Join Dr. Stokely for a free webinar – Eating Disorders, Naturopathic Care Can Help

“Naturopathic medicine matches every aspect of care that someone with an eating disorder may need such as counseling, nutritional support, treating digestive sequelae, lab analysis, and elongated visits. Although naturopathic doctors are well suited to provide eating disorder care, direct training in eating disorder treatment is limited in the medical field as a whole.”

Join Dr. Stokely for an informative webinar to learn about the need for eating disorder professionals, where to start if interested in becoming an eating disorder provider, and how the support of naturopathic physicians can be essential in eating disorder care. Click here to register.

Learn more about Dr. Stokely:


Embody: Learning to Love Your Unique Bodypersonal excerpts about body image

Continued education courses on eating disorder treatment

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Dr. Tracy Wooten – SCNM

“I encourage you not to chase after money or fame, but after a respectable reputation. When you provide the best care to your patients, your reward will soon follow.”

Laying the groundwork to become an ND

Born and raised in New Orleans, Dr. Tracy Wooten developed a true passion in naturopathic medicine. “I wanted to help people achieve optimal health using holistic and healthy lifestyle therapies.” Dr. Wooten loves her career in naturopathic medicine and applies the principles to her personal life as well.

SCNM as a springboard

Dr. Wooten chose Southwest College of Naturopathic Medicine (SCNM) after hearing the passion that the college President had for the school and naturopathic medicine during an open house.

“SCNM provided a great foundation for my career and practice. I was supervised by highly educated doctors and was able to work with different demographics of patients,” says Dr. Wooten.

As a student, Dr. Wooten began saving money to help with the start-up cost of opening her own business. Throughout school she worked a couple part-time jobs that provided not only financial gain, but also personal growth. As a personal trainer, she learned how to work one on one with clients to develop and pursue their personalized fitness plan. Dr. Wooten learned how to coach her clients through their successes and struggles on the path to achieving their goals. Additionally, she worked in a bookstore where she learned how to manage customer feedback. Both of these part-time positions contributed to her education and helped her set the stage for opening her own business.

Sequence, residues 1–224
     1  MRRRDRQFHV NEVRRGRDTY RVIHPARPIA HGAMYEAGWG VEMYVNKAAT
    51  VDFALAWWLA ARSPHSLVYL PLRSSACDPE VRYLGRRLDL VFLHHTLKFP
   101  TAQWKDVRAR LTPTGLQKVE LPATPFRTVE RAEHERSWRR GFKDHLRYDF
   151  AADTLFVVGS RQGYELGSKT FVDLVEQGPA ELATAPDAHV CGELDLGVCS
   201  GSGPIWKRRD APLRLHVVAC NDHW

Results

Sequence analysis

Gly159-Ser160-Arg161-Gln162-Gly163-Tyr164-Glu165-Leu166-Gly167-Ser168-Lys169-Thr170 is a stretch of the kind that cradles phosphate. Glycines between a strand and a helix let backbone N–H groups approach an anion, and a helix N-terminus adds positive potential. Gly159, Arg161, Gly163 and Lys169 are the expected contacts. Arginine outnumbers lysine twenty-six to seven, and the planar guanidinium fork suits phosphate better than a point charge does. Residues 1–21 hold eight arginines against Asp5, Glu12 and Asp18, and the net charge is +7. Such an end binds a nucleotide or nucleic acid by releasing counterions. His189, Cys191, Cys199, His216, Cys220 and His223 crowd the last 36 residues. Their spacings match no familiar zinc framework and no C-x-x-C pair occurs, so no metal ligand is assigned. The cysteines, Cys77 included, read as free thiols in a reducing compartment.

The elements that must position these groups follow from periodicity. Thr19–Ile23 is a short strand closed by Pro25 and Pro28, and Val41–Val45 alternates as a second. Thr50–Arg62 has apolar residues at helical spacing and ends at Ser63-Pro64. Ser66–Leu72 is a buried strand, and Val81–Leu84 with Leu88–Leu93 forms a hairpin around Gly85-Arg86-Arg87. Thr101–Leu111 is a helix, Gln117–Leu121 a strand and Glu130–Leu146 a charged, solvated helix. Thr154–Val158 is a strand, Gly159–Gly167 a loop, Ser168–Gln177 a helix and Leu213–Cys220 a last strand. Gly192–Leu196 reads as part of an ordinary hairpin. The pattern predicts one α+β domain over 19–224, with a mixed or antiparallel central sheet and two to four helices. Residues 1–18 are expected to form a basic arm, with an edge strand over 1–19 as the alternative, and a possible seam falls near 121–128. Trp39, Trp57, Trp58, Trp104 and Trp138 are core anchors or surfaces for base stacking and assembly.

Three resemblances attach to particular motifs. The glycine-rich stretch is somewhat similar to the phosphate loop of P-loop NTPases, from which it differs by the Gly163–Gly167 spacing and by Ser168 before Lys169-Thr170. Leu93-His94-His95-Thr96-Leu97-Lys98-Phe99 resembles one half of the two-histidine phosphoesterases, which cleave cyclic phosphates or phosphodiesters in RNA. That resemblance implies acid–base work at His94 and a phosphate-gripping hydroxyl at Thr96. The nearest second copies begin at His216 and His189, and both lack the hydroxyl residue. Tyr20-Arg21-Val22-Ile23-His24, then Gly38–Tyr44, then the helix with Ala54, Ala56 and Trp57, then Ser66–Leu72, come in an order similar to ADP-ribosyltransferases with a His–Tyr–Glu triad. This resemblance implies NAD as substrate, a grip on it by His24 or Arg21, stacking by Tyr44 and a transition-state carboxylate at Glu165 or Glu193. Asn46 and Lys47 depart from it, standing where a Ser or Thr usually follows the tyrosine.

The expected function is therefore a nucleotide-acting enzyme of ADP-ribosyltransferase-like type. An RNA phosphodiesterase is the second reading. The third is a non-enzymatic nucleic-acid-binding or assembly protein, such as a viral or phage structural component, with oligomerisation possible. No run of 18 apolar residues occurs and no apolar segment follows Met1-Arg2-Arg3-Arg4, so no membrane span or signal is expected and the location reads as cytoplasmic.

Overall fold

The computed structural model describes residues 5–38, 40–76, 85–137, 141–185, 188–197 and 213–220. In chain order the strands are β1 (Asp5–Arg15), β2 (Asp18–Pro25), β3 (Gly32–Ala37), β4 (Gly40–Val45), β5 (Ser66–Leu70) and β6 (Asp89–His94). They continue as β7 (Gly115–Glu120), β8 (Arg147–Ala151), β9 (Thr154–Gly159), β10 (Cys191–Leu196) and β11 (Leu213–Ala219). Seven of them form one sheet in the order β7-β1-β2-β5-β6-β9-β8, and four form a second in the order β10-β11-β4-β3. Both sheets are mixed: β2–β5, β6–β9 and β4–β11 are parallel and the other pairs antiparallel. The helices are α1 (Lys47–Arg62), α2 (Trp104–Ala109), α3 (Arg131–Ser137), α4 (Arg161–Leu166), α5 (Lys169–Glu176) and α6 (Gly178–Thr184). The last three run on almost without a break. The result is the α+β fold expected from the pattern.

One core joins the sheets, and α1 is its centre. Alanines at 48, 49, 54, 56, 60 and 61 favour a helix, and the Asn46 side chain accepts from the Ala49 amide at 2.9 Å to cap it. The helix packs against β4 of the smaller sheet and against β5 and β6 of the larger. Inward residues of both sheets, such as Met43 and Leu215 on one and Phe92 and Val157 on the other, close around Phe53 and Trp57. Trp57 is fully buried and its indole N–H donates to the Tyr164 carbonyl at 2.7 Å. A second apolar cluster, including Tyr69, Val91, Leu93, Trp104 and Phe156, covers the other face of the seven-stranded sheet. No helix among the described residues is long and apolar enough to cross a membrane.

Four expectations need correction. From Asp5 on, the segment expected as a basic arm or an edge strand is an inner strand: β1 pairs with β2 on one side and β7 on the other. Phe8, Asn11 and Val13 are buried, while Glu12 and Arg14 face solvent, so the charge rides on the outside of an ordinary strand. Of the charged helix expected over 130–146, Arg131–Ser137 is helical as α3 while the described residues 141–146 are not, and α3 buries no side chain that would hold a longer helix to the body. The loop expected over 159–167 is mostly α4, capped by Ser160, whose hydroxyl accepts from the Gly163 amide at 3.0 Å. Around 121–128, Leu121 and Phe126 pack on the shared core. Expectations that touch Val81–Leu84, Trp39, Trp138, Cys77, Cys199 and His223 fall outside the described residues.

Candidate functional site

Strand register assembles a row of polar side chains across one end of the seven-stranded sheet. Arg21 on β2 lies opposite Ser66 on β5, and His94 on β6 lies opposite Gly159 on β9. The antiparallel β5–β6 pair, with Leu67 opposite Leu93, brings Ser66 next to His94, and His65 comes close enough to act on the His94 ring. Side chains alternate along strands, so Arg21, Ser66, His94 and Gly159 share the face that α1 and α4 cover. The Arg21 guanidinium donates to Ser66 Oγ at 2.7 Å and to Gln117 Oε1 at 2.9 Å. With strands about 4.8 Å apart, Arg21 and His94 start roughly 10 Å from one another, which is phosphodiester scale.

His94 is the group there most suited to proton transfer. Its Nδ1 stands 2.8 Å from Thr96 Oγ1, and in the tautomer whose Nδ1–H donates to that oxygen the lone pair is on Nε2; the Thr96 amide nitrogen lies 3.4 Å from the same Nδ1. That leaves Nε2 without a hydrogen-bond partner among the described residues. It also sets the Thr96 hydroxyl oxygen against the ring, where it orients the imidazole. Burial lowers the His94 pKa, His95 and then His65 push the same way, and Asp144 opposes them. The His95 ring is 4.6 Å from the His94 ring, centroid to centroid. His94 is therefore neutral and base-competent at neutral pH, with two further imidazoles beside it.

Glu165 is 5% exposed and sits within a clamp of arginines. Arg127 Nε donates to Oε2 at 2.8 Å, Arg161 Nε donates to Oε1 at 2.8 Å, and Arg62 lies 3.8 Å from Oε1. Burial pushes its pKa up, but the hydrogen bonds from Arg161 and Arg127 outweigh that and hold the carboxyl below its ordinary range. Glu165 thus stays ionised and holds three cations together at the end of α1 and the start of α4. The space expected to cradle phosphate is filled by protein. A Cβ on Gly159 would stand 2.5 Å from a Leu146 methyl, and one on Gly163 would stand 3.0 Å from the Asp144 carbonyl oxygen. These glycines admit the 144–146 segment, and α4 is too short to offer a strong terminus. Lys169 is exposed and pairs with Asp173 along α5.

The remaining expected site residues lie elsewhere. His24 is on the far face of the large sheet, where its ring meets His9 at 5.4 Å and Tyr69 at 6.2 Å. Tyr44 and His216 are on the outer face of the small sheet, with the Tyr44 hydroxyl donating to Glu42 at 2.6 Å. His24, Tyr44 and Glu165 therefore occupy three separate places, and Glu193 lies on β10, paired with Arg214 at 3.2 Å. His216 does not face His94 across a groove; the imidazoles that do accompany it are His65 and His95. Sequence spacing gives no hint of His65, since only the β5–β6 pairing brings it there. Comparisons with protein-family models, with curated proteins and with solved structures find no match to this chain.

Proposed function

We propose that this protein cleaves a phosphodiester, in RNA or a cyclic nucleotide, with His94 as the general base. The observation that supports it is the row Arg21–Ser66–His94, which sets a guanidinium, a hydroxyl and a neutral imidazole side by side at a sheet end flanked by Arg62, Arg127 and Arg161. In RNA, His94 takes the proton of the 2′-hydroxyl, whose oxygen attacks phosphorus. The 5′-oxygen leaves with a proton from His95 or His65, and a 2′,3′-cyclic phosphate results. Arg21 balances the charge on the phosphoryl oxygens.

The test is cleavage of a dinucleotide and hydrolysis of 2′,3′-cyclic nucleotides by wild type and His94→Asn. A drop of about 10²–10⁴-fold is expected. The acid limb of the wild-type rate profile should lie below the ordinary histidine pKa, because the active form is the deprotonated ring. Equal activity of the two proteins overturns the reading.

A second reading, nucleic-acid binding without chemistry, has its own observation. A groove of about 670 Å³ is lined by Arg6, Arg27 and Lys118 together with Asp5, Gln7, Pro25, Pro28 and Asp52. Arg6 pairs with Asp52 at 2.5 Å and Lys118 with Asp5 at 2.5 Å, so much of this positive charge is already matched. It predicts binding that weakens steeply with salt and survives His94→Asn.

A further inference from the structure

Following graduation, Dr. Wooten looked for advice on deciding to open her own practice or work under another doctor. After an encouraging conversation with Joanna Hagan – Director of Career Services at SCNM, she took the leap and opened her own practice – Wooten Naturopathic.


Finding fulfillment as an ND

Dr. Wooten is in her 13th year of practice and is proud of her steadily growing business. A humble spirit, she credits the advice of business experts and mentors who have helped her along her entrepreneurial path. Wooten Naturopathic has recently relocated to a commercial building and has added staff to assist with the workload. Dr. Wooten enjoys the work-life balance of being able to maintain a healthy work environment and being able to spend quality time with her family.